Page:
Global oil supplies have decreased as the Organization of Petroleum Exporting Countries and producers outside the group comply with a six-month deal to curb output that took effect on January 1, Qatar's Energy Minister Mohammed Al Sada said Wednesday at a news briefing in Doha.
Herman Wang, OPEC specialist at S&P Global Platts, told CNBC that while the Saudis are doing the most to make the cutback agreement a success, "how long Saudi Arabia is willing to shoulder the burden of these cuts if it proves some of their cohorts are not fully complying with the deal remains to be seen".
This data includes increases in production from OPEC producers Nigeria and Libya, who are exempt from the cuts, though Stifel noted Nigeria is experiencing production issues.
It said it would not forecast what OPEC production will be during the six months covered by the output deal.
Looking ahead, the IEA sees non-OPEC production growing by 400,000 barrels per day this year on strong growth in the Americas as long-term Brazilian and Canadian projects come online and US shale exploration and production companies boost investment.
The oil market would be re-balanced when global inventories, now near record highs, approached their five-year average level, Al Sada said.
Oil prices were stable on Friday, supported by strong Chinese crude imports and OPEC-led production cuts, although ample USA fuel inventories weighed on the market.
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As far as the compliance by non-OPEC producers was concerned, Russian Federation was phasing in its production cuts gradually; Oman said it had cut in line with its commitment; and Kazakhstan "is reportedly exceeding its target".
While Russia is saying that it would undertake its share of promised oil production cuts, it is also saying it will be increasing its Urals crude oil exports in the first half of this year, leaving traders perplexed about how it is securing the additional exports while cutting production.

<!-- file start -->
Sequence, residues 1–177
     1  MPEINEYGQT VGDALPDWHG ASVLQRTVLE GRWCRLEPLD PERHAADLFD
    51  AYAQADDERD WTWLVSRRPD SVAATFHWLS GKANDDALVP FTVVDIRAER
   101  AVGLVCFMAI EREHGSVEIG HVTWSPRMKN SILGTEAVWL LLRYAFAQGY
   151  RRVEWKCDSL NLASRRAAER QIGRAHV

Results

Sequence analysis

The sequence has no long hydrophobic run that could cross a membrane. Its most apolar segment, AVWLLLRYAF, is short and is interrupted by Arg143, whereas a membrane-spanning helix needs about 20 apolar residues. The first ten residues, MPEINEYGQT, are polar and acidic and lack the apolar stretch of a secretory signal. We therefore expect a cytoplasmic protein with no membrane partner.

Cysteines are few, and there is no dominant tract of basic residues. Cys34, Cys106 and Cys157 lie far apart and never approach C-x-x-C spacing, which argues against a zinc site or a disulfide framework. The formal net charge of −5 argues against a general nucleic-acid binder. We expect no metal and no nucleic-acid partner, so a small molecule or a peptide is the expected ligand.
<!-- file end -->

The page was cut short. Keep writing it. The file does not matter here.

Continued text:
Qatar was the fourteenth largest total petroleum and liquids producer in 2015 with 2.049 million barrels per day of production.
"The push and pull between competing forces in the crude oil market continued overnight". This policy change was largely targeted towards ever increasing market share of the US shale oil companies.
Likewise, Russia, which has pledged to cut by 300,000 bpd cut by 100,000 bpd last month, the IEA estimates.
Egypt will receive one million Iraqi oil barrels a day, at a much lower price than Saudi Arabia's, which had been initially promised to Al Sisi in the framework agreement envisaging 23 billion United States dollars of aid on a yearly-basis. "With the current price some fields can be developed profitably though the majority of fields today will not be satisfied with this current price and will not be able to justify further development in high-cost oil fields, especially deep-water and unconventional fields", he added.
Al-Sada has previously said OPEC didn't feel threatened by low-priced shale production and how its proposed deal to cut production to ease oversupply could backfire.